The KDU bill hopes to militarise the nation’s ethos while creating wave upon wave of hybrid ‘Military-Civilian Fusion’ graduates who may be privileged in future employment and could replace the existing civil servants. The bill will create pedagogical pods which are nurseries of a new ruling class; a new power-elite.
This project is the outgrowth, an extension of a transformation that has taken place and is taking place in the state. The KDU bill involves, and is the symptom of, the hopes, aspirations and plans of this country’s real power cartel/network under the Gotabaya presidency.
When the protest movement goes up against the KDU bill, it must know who will be on the other side, what their mentality is and to what lengths they may go. We are not talking simply about the Government – which is only a front—or the Police, which is only the instrument of first resort. The STF and military are being kept in reserve. This regime, with its low threshold of tolerance—could escalate faster than anyone thinks.
The Movement against the KDU bill will not find itself up against the Government but against the State; not as it was, but as it has become and is becoming.
It is hardly my contention that the Movement must retreat, but that the obstacles and odds are greater, and stakes even higher, than it may think.
Victory isn’t assured by the manifest justice of one’s cause, the manifest injustice of the opponent’s cause, and one’s determination to risk imprisonment or sacrifice life and limb for one’s just cause. It requires clarity of analysis, comprehension of the target and the balance of forces, strategy, tactics, organisation in depth, broad alliances, mobility and manoeuvre, and marshalling of reserves.
The KDU project is but a subset of a much larger, deeper project of pre-emptive or preparatory Myanmarisation, with a variant being an Egyptian Al Sisi outcome. The contest is truly historic because it is objectively a struggle between that project, and those who oppose it.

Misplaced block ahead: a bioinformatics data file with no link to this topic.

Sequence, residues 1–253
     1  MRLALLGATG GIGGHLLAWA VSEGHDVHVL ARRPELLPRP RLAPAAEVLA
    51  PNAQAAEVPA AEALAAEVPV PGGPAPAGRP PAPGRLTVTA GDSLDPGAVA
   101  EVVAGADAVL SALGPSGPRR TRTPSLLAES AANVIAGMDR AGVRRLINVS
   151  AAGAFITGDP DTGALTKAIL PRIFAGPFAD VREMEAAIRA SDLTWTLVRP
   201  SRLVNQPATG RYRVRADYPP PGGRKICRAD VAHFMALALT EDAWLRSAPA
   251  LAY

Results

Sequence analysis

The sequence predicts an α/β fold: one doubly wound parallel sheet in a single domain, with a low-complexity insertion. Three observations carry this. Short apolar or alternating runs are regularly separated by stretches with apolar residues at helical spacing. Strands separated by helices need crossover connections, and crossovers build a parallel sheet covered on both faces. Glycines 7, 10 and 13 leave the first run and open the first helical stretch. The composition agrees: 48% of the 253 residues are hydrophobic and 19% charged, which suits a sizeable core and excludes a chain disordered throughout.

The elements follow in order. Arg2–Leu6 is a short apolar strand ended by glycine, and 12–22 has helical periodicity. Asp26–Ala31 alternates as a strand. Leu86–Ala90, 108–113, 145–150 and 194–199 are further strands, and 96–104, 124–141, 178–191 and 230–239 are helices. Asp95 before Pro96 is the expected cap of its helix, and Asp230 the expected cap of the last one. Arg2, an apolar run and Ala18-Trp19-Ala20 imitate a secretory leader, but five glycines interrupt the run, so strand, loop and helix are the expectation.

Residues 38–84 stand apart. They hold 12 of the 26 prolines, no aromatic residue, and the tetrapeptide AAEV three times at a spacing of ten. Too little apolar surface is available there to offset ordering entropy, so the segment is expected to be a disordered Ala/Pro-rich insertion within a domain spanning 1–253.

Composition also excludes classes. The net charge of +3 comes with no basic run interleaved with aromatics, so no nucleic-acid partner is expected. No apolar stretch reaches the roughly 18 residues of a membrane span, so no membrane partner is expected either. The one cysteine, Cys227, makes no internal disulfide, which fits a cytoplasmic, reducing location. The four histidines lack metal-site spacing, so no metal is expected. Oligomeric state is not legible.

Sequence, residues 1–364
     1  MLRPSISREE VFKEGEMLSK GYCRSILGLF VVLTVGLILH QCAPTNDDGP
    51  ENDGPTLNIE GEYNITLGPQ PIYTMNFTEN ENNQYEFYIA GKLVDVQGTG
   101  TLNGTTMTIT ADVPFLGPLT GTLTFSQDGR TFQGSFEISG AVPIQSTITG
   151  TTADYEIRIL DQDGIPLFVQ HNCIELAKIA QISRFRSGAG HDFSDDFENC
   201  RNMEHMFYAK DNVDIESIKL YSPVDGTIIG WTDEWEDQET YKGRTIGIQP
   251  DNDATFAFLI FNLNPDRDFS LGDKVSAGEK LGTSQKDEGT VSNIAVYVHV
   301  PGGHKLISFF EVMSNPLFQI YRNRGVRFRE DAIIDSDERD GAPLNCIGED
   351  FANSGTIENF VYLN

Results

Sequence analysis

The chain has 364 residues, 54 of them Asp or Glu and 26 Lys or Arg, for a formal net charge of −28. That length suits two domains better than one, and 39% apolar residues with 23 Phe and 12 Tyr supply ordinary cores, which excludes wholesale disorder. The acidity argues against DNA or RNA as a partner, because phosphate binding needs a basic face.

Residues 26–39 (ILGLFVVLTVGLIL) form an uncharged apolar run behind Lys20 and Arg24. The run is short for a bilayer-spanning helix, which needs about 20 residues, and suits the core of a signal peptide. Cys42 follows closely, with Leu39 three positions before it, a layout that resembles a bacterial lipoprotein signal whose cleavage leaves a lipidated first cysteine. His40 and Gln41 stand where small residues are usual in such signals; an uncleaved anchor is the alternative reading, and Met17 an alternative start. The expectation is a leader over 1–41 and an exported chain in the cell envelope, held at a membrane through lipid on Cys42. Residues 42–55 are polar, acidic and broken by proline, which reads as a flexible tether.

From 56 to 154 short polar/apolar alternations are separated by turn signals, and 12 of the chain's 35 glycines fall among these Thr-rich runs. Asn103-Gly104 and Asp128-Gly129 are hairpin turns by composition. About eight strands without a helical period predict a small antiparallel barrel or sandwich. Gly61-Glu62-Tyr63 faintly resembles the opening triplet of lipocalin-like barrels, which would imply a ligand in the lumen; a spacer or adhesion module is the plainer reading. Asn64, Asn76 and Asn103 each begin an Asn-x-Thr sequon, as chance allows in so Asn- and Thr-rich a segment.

Those mass-democratic political parties that require an electoral level-playing field as the only access to power, have to be drawn prominently into the bloc of resistance.
While the Ceylon Teachers’ Union and TNA MPs protested in Jaffna, the university student movement in the north and east, which perennially protests against militarisation, was conspicuously silent and absent. If it remains self-ghettoised, failing to throw its weight behind the anti-militarisation struggle of its Southern counterparts, it will never secure a supportive Southern progressive-democratic constituency for reversing militarisation.
A minority can escape marginalisation only through broad alliances with the progressive-democrats of the majority.
The flipside is no less true. The militarisation project cannot be defeated only by the student youth of the south, without northern and eastern generational allies.
The anti-KDU Movement stands in danger of peaking or being over-exposed to suppression prematurely, while the crisis over the failing harvest and urban food supply is on a slower-burning fuse. As guarantee against a repetition of the outcome of the July 1980 General Strike, the Movement requires the student-worker synergy of November 1976 with the urban-rural and South-North synergies of August 1953. That needs a greater, deeper “accumulation of social and political forces” as they say in Latin America.
Basil and Namal
If the regime resorts to coercion over the KDU bill, spilling blood, that will electorally doom the Rajapaksas for a long duration. After the 1971 repression, Sirimavo Bandaranaike never led the country again. No political leader perceived as responsible for shedding blood in the south (of “apey ugath kollo-kello”) has ever been able to resume leading the country.
Any violent suppression of the movement against the KDU bill will drastically damage the political futures of Basil Rajapaksa and Namal Rajapaksa. They must remember the maestro Mahinda Rajapaksa, who learned it, in part, by observing Prime Minister Premadasa: never whitewash the unpopular measures of your Government or be its hit-man; instead, signal your dissent publicly.
This is near-impossible for Basil, now the first mate on the Titanic. Less so for Namal. Chandrika showed it can be done. Sunethra and Chandrika were genuinely, openly and actively opposed to their mother Prime Minister Sirimavo Bandaranaike’s brutal repression of the 1971 uprising. CBK revived her early 1970s dissent when Vijaya Kumaratunga and she broke away from Madam Bandaranaike’s nationalist SLFP in Opposition and formed the left-of-centre SLMP (1984), traveling to India to meet the Tamil militant leaders (1985). She later formed the BNP (1991).
A history of progressive, populist political non-conformism enabled CBK to outflank the matriarch, overtake front-runner Anura, take over the party and lead it to victory, returning the Bandaranaikes to power for two terms after 17 years. Thus, they led the island, with intermissions, for a quarter-century.
A defining point in Chandrika’s trajectory to the top was the 1980s Monaragala peasants’ agitation. Today’s anti-KDU and the peasants struggles will yield tomorrow’s leader of the SLPP (in Opposition).